Sagol family to pay NIS 1.7b tax on Keter sale

Sami Sagol (Photo: Tamar Matsafi)

The Sagol family will be liable for capital gains tax on the huge sale of Keter Plastic to BG Partners.

The Sagol family will pay NIS 1.3-1.7 billion in taxes on the sale of its holdings in Keter Plastic, according to an analysis of the tax rates applying to the deal. The Sagol family's proceeds on the sale constitute a capital gain for tax purposes. By law, the current tax rate on capital gains is 25% for someone who is not a major shareholder in a company and 30% for a major shareholder. Calculating the tax in the Keter Plastic deal is not so simple, however, because different tax rates for capital gains were in force in previous years.

Doron, Tikotzky, Kantor, Gutman, Cederboum & SRFF partner and international tax department director Adv. Asaf Hoffman analyzed the tax aspects of the deal for "Globes." He explained, "Capital gains tax in Israel is currently 25% or 30%, depending on whether you are a major shareholder. If you own 10% or more of a company's shares, that makes you a major shareholder, and you are therefore charged 30% tax. The Sagol family is clearly a major shareholder."

Hoffman went on to explain, however, that the tax aspects of a deal are also examined according to the length of time the family holds the shares. "Since the Sagol family has held shares in Keter Plastics for quite a long time, the calculation will be a little more complicated. It will be a linear calculation, because the tax rates were different in past years. For example, up until 2012, the tax rate for major shareholders was 25%, not 30%."

The Sagol family founded Keter Plastic in 1948. Joseph Sagol, father of Sami Sagol, cofounded the company, and Sami Sagol later joined it. Under these circumstances, Hoffman explained, "You take the total number of years they held the company shares being sold, check whether there was a tax arrangement for capital gains in each of those years, and do a linear calculation for the tax applying to the deal. In other words, a tax rate of 25% applied to major shareholders until 2012. This rate applied after 2003 until changes were made following recommendations by the Trajtenberg Committee. Before 2003, marginal income tax rates applied to capital gains, and the tax brackets changed according to the taxpayer's circumstances.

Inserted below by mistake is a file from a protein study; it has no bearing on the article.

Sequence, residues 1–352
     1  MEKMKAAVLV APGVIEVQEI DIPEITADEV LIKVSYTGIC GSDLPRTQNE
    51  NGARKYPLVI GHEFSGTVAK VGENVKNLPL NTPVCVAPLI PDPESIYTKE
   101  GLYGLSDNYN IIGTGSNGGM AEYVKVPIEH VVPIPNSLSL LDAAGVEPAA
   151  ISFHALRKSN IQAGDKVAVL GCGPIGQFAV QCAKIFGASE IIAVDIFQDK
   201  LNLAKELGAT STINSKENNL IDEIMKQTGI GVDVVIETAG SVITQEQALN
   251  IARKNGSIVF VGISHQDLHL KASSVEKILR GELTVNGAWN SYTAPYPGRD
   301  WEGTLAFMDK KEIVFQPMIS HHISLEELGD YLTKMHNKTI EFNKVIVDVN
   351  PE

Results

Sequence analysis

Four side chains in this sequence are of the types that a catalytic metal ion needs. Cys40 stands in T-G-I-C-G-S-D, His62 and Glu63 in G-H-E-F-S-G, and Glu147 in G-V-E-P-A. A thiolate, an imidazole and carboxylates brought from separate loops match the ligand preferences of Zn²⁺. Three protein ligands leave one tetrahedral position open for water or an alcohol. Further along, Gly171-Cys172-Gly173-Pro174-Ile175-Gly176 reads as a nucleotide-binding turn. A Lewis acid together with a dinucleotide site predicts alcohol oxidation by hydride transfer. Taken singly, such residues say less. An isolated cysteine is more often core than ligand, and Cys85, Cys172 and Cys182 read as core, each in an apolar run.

"The marginal income tax rates can be as high as 50%," Hoffman said. "The minimum tax rate applying to the Sagol family will be 25% on the profit. When you take the proceeds - $1.7 billion, which is NIS 6.4 billion, the minimum tax rate applying to the deal gives NIS 1.2-1.3 billion. Since there can be years in which the marginal income tax rates, which can be very high, applied to the family, but also years in which there was a tax benefit, and a tax rate of only 10% applied, the range of maximum tax is fairly wide. The highest tax on profit usually varies in the 30-35% range, so the maximum tax on the deal will be NIS 1.7 billion."

Published by Globes [online], Israel business news - - on July 21, 2016

© Copyright of Globes Publisher Itonut (1983) Ltd. 2016

Sami Sagol (Photo: Tamar Matsafi)
Sami Sagol (Photo: Tamar Matsafi)
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